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Does Public Opinion Constrain Presidential Unilateralism?

  • DINO P. CHRISTENSON (a1) and DOUGLAS L. KRINER (a2)

Abstract

Whether presidential unilateralism is normatively advantageous or parlous for American democracy may depend on the extent to which a check remains on its exercise and abuse. Because the formal institutional constraints on unilateral action are weak, an emerging literature argues that the most important checks on unilateralism may be political, with public opinion playing a pivotal role. However, existing scholarship offers little systematic evidence that public opinion constrains unilateral action. To fill this gap, we use vector autoregression with Granger-causality tests to examine the relationship between presidential approval and executive orders. Contra past speculation that presidents increasingly issue executive orders as a last resort when their stock of political capital is low, we find that rising approval ratings increase the frequency of major unilateral action. Low approval ratings, by contrast, limit the exercise of unilateral power.

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Corresponding author

*Dino P. Christenson, Associate Professor, Department of Political Science, Boston University, dinopc@bu.edu.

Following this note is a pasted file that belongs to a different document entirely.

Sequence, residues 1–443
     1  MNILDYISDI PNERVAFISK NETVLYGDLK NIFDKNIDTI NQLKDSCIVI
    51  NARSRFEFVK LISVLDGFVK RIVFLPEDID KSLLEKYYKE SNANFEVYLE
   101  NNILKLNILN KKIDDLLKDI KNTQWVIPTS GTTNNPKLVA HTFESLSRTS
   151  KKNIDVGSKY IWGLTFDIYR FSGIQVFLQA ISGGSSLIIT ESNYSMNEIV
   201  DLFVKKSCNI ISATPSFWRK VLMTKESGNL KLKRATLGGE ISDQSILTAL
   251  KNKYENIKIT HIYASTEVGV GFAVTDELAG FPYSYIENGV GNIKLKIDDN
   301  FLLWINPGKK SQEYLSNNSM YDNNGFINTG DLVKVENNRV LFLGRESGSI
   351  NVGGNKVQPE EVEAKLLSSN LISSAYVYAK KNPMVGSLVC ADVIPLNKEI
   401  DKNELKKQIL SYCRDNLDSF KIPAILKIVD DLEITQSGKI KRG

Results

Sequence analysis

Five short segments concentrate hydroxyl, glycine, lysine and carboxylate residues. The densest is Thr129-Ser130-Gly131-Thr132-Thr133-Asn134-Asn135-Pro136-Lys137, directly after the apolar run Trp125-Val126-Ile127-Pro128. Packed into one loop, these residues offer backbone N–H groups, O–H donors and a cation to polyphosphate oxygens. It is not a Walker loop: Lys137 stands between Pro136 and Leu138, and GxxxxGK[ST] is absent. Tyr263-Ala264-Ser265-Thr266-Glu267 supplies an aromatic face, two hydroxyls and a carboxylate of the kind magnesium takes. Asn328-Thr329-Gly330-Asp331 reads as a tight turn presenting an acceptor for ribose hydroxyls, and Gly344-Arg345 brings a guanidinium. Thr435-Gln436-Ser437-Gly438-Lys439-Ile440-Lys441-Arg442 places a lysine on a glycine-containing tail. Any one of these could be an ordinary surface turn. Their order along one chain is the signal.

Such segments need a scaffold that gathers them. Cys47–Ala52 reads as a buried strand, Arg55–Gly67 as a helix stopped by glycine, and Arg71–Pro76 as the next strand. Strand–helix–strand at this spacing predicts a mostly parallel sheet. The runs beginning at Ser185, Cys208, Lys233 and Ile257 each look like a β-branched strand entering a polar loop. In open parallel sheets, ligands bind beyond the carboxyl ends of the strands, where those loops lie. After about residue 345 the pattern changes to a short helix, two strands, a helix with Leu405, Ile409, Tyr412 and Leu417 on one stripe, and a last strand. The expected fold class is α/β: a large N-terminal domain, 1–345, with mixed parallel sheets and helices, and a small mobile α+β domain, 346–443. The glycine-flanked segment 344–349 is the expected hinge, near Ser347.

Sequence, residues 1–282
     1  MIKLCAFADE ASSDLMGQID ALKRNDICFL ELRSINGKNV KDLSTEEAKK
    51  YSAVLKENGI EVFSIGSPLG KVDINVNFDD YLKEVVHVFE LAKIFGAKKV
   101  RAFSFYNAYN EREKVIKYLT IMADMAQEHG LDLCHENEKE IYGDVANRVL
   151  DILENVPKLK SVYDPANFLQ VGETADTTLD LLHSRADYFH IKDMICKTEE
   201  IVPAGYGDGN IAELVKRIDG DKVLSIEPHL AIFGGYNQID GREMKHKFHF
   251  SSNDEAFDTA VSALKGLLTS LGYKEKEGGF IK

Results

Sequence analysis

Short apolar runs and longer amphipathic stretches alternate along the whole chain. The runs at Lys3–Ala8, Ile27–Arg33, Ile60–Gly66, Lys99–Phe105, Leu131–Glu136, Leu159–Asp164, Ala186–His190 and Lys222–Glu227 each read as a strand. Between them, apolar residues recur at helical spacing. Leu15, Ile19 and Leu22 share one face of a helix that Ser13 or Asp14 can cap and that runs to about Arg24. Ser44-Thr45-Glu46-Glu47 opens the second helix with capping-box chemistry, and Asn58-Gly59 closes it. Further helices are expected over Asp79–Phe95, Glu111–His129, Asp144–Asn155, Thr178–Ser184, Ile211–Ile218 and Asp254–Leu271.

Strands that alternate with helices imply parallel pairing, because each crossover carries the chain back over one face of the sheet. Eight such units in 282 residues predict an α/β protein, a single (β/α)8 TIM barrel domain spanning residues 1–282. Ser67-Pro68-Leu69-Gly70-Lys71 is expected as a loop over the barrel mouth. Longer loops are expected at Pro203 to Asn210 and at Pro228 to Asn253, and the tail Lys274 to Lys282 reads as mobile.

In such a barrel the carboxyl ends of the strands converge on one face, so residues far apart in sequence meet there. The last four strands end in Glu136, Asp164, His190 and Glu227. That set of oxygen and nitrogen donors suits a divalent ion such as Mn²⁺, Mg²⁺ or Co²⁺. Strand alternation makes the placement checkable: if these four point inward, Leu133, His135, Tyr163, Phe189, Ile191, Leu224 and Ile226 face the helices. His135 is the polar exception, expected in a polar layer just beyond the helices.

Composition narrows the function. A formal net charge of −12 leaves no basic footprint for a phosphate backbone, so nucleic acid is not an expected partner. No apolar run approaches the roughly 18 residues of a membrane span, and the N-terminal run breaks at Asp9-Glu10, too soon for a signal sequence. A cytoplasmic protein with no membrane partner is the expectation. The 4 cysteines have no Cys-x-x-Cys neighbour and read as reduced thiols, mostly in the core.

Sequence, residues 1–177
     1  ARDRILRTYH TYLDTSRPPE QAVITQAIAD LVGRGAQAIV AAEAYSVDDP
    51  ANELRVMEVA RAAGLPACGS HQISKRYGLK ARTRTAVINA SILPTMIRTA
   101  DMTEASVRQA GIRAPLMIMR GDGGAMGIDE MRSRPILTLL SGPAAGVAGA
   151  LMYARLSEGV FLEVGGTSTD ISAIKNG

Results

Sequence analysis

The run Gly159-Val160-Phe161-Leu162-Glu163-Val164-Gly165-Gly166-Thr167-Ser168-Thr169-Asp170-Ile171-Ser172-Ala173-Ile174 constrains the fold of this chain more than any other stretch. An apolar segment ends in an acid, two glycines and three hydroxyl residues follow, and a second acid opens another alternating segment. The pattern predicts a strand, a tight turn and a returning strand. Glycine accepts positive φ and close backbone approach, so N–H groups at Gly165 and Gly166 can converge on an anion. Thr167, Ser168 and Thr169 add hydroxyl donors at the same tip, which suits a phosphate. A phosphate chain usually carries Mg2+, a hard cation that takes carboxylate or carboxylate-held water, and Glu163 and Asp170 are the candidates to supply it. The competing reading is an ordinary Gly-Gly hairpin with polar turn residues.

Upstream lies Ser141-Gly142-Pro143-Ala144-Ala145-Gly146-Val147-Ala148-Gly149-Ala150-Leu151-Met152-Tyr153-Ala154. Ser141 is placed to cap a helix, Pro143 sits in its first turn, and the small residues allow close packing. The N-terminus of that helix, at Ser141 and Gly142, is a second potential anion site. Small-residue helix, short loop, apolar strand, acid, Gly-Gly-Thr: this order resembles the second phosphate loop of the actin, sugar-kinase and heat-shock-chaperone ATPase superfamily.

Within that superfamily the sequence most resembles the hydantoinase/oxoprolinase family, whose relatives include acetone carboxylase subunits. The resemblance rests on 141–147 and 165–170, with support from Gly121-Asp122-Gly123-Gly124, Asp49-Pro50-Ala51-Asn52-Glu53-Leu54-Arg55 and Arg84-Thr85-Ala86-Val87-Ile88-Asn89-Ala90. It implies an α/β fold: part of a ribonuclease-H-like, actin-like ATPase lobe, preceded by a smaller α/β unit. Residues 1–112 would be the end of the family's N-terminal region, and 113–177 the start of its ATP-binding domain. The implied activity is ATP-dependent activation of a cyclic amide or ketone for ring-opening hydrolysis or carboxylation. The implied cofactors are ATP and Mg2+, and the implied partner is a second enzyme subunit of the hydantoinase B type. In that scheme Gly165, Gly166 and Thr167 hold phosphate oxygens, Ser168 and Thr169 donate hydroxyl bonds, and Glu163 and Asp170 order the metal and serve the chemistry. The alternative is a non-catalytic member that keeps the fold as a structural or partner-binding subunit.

Douglas L. Kriner, Professor, Department of Government, Cornell University, kriner@cornell.edu.

Footnotes

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We would like to thank Will Howell, Fang-Yi Chiou, and Lawrence Rothenberg for sharing their respective data, as well as Neal Beck, Chris Dawes, Jonathan Nagler, Julia Payson, Mona Vakilifathi, and Hye Young You, as well as seminar participants at NYU, Rochester, Clemson, and South Carolina for comments. Replication files are available at the American Political Science Review Dataverse: https://doi.org/10.7910/DVN/UHUK4P.

Footnotes

References

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Does Public Opinion Constrain Presidential Unilateralism?

  • DINO P. CHRISTENSON (a1) and DOUGLAS L. KRINER (a2)

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